FUE surgery is occasionally promoted as a “no cut” or “no-scalpel technique.” However, we believe this characterization can be misleading for patients. While it’s accurate that FUE doesn’t entail a lengthy, linear incision or necessitate stitches, it results in tiny scars that may be noticeable in some patients if the hair is trimmed short or shaved.

Approximately 80% of our male patients choose to undergo FUE surgery. However, it’s crucial to acknowledge that FUT and FUE procedures have advantages and disadvantages. Unlike certain clinics, our team at Follicle HT is exceptionally skilled in both techniques, and our surgeons will assist you in determining which approach best suits your needs.

Q: Is it painful to have a hair transplant? What kind of anesthetic do you use?

Utilizing local anesthesia, we perform hair transplantation procedures in a comfortable, fully accredited outpatient clinic. As our techniques typically involve minimal discomfort, there’s no need for general anesthesia, allowing patients to remain awake throughout the procedure. To minimize any discomfort, patients are administered pain medication and light sedatives orally. Additionally, we employ advanced methods of local anesthesia administration, resulting in most patients reporting only minimal pain.

Q: How long does a hair transplant procedure actually take?

The length of the procedure will depend on the number of grafts that are required to achieve the goals that we have set out. An extensive session may take 8-10 hours and a smaller or more targeted session only 2-3 hours. Most patients find that the time passes quickly as they read, watch Netflix or a movie, or simply relax and enjoy the experience.

Q: What is the recovery time following hair transplantation?

Patients can return home on the same day as the hair transplant procedure. Typically, we apply a gauze dressing over the donor area, while no dressings or bandages are necessary in the recipient area. Upon leaving the office, some wear a baseball cap, bandana, or scarf. We recommend having a friend or family member drive you home, or we can arrange a car service for your convenience.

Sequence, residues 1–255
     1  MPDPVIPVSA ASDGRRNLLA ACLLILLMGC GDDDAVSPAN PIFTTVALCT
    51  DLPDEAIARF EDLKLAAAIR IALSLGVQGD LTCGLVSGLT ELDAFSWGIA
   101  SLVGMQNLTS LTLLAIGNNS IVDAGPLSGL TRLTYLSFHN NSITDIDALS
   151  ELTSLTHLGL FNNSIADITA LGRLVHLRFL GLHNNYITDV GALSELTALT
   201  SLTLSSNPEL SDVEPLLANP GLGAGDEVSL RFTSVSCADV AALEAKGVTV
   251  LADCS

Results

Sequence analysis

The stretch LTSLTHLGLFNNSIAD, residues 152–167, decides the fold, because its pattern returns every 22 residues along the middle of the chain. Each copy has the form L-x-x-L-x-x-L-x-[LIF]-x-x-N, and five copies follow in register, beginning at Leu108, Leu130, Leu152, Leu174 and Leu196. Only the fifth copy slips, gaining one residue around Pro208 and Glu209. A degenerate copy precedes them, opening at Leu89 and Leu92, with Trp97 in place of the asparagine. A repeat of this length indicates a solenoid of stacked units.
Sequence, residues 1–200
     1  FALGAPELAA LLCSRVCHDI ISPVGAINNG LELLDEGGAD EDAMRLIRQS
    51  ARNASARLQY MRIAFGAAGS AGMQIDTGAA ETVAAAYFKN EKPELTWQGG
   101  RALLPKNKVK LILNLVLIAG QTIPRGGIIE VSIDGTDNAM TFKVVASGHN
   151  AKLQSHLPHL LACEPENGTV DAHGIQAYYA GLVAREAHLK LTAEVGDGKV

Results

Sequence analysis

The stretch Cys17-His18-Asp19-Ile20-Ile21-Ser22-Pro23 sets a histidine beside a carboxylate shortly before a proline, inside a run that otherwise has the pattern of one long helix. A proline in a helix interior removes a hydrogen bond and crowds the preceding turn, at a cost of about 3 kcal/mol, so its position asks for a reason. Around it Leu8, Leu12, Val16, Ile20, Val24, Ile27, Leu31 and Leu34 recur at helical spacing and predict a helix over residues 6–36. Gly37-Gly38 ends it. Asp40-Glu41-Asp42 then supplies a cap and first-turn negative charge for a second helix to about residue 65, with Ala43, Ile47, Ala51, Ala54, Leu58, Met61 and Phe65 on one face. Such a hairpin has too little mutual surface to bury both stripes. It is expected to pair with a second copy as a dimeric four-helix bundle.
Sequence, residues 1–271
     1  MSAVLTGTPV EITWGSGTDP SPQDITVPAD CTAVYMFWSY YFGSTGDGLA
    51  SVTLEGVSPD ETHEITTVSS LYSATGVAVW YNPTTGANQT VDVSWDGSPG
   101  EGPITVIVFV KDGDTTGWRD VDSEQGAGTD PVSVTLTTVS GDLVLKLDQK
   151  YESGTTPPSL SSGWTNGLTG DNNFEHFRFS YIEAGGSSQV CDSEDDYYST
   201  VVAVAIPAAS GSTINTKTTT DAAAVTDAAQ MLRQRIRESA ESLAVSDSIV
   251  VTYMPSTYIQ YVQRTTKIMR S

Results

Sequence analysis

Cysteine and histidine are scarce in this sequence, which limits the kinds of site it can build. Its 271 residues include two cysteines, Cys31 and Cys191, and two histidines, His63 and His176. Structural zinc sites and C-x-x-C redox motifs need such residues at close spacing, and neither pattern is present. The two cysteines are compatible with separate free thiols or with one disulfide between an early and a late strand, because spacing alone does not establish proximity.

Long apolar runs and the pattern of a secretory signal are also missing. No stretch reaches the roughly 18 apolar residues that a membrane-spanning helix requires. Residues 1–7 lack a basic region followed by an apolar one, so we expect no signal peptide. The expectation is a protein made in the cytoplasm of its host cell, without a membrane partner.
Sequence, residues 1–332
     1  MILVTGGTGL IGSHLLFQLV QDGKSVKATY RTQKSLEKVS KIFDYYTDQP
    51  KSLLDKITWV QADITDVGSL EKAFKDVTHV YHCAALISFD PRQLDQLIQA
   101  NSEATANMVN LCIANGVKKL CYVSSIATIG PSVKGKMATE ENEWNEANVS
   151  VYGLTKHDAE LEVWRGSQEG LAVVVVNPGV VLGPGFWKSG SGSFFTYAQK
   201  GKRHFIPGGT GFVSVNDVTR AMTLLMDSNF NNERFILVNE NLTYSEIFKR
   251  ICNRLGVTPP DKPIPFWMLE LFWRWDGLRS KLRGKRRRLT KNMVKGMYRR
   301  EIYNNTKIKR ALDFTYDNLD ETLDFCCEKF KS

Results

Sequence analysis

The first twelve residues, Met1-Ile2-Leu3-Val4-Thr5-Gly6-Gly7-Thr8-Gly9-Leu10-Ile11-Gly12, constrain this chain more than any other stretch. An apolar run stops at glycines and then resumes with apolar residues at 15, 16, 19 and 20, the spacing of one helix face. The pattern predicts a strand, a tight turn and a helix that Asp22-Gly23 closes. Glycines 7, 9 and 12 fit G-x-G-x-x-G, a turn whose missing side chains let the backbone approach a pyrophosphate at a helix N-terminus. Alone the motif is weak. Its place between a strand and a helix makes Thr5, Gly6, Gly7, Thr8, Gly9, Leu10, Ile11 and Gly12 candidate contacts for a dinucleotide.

After undergoing strip surgery (FUT), it’s common to experience tightness and discomfort in the donor hair area. For those who have had an FUE procedure, temporary discomfort may still occur despite the absence of a scalpel incision, stitches, or linear scar. Typically, minor pain can be alleviated with acetaminophen (Tylenol) or ibuprofen (Advil) and cool compresses. However, we offer prescription pain medication for individuals who may require it during the initial one or two days.

The recipient area where the grafts have been placed will tend to form crusts and scabs, generally present for about one week. Swelling in the transplanted area may persist for several days following the procedure, occasionally extending to the eyelids and cheeks, resulting in a temporary puffy appearance. This is a common post-operative effect and should not cause concern. Typically, it resolves within 2-3 days.

You will receive detailed, written instructions regarding the care of both the donor and recipient areas following your transplant. Hair washing can typically begin on the first or second day. While most patients take a few days off from work, essential activities such as talking on the phone and using a computer can be resumed on the first day. Typically, any swelling and redness subside within a week, rendering the transplant virtually undetectable. Light exercise and other activities can normally be resumed within 5-7 days, although we advise refraining from strenuous exercise and swimming for 2-3 weeks.